The physiological mechanisms for achieving fecal continence and the results
of the surgical methods to correct incontinence are reviewed. The devices hitherto
designed to attempt to achieve continence artificially are discussed and an analysis of
4130 reported complications of a successful device for the control of urinary
incontinence (the AMS 800) are presented. Based on these reviews, the need to
design and evaluate a prosthetic anal sphincter is identified and such a device is
presented in this thesis.
The effect of circumferential occlusive pressure on the blood flow of porcine
colon was assessed by a Laser Doppler flow meter. It was demonstrated that distal
blood flow is reduced by 50% at 52 mmHg. The occlusion pressure required to
achieve continence to semi-solids was shown to be reduced by the introduction of
angulation both in a theoretical model and experimentally, using a specifically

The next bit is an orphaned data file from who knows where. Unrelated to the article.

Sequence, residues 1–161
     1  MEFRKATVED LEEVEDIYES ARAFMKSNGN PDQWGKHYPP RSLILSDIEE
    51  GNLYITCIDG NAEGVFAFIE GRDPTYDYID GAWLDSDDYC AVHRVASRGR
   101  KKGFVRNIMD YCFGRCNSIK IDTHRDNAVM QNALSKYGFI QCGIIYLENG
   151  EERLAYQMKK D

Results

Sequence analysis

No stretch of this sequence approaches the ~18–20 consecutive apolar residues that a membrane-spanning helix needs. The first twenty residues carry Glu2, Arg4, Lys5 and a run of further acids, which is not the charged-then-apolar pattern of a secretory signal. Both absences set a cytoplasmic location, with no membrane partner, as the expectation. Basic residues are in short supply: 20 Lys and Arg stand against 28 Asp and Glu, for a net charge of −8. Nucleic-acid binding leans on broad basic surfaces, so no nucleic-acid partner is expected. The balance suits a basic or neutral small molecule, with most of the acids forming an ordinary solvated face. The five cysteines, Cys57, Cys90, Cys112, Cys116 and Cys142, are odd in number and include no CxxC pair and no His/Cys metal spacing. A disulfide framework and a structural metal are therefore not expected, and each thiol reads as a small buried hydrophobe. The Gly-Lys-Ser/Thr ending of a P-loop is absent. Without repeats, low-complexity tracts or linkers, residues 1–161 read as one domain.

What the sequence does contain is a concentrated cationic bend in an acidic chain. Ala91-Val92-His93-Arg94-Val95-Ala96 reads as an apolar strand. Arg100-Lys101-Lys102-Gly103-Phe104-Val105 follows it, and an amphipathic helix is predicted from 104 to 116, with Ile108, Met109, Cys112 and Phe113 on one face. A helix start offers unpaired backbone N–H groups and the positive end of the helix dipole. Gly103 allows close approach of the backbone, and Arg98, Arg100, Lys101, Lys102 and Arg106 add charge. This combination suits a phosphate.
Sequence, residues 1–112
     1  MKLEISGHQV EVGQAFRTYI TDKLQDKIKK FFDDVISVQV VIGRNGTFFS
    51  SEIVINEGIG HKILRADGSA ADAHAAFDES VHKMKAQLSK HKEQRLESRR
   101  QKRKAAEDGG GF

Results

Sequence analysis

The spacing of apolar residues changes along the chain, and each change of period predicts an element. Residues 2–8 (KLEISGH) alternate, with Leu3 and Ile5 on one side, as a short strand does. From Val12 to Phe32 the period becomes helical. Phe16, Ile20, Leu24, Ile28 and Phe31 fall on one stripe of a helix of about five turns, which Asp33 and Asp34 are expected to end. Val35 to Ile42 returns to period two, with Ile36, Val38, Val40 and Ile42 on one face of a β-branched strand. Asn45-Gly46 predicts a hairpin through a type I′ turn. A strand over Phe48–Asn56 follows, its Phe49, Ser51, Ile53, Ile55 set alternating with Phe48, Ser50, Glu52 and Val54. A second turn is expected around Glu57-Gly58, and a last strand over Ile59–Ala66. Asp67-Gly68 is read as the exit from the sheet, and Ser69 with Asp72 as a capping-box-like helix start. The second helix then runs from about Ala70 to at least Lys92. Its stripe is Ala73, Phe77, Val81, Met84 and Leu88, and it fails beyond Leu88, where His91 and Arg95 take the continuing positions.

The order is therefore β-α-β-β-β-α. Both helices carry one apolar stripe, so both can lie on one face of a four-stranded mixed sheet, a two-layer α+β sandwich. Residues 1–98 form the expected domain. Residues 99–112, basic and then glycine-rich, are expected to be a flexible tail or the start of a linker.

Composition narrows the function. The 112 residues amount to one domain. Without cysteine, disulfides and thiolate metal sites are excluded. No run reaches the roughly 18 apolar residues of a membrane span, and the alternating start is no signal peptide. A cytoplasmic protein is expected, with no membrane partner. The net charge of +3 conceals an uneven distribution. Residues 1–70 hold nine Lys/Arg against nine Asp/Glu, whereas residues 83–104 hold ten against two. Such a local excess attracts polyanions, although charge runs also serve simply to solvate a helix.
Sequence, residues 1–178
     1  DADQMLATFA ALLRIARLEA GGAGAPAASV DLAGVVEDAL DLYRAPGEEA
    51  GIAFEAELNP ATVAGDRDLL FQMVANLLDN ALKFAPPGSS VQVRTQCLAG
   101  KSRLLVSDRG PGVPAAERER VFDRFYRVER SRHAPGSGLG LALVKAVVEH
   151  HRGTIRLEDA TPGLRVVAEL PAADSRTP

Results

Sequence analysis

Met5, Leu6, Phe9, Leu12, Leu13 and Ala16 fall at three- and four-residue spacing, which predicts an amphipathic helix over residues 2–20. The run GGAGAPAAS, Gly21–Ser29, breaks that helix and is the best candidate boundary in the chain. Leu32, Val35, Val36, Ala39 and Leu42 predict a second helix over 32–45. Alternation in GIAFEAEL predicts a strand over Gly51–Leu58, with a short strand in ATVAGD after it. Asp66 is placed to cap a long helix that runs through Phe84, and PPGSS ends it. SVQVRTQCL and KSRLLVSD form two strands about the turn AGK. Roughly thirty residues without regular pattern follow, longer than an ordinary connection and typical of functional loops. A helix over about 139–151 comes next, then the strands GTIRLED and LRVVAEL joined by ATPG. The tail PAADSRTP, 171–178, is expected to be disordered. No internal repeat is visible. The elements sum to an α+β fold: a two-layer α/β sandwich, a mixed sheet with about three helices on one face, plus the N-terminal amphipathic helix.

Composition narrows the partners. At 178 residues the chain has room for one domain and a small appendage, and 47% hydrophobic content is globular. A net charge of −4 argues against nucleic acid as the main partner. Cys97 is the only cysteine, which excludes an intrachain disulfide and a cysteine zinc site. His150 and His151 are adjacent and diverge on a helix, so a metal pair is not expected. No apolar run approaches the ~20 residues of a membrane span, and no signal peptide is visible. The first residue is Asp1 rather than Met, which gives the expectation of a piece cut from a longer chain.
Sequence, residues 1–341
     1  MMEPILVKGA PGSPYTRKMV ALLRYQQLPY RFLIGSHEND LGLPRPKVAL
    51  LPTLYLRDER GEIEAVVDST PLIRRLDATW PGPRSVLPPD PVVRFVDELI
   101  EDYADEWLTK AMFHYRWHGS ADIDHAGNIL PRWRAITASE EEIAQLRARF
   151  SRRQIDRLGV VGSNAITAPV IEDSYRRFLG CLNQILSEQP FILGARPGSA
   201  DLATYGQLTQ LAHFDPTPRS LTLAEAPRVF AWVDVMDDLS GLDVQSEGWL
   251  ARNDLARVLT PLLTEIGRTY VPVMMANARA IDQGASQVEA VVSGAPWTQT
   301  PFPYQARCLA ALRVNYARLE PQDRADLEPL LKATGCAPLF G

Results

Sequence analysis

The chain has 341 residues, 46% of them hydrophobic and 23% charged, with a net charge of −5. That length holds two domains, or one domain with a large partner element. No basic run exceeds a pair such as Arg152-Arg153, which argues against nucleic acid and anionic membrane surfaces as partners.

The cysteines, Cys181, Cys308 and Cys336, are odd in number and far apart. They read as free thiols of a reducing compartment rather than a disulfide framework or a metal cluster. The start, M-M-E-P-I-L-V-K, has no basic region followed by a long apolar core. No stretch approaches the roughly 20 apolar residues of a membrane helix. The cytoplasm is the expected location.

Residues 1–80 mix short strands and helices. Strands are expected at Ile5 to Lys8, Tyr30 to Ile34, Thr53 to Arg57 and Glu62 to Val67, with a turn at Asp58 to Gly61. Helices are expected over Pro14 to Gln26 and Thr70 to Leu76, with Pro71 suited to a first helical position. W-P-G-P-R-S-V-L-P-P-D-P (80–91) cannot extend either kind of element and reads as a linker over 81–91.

designed fecal substitute.
The Neosphincter was, therefore, designed to simulate the normal physiology
of the anorectum by closing and angulating the bowel without causing crenation and
The design parameters of the device were evaluated in an in-vitro model and
its placement assessed in a series of acute animal experiments in a porcine model.
The effects of the prosthesis set at an operating occlusion pressure of 33-45 mmHg
were then evaluated in survival animal experiments by implantation in Yucatan minipigs
for up to 20 weeks. The device produced fecal continence in 85% of the
activation times without causing ischaemic injury. Mechanical complications
associated with the control pump were encountered and design faults were identified.
A new pump was designed by the author.
The effect of Neosphincter function on blood flow distribution in the human
colon was studied during colectomy using a prototype Laser Doppler flow scanner.
Blood flow remained greater than 50% at 60 mmHg occlusion pressure.
d flow remained greater than 50% at 60 mmHg occlusion pressure.
The data presented show that the Neosphincter achieves continence in the
mini-pig model and further suggest that continence would be achieved in the human
without producing intestinal ischaemia. Ethical approval has been obtained to
proceed to trials in human patients.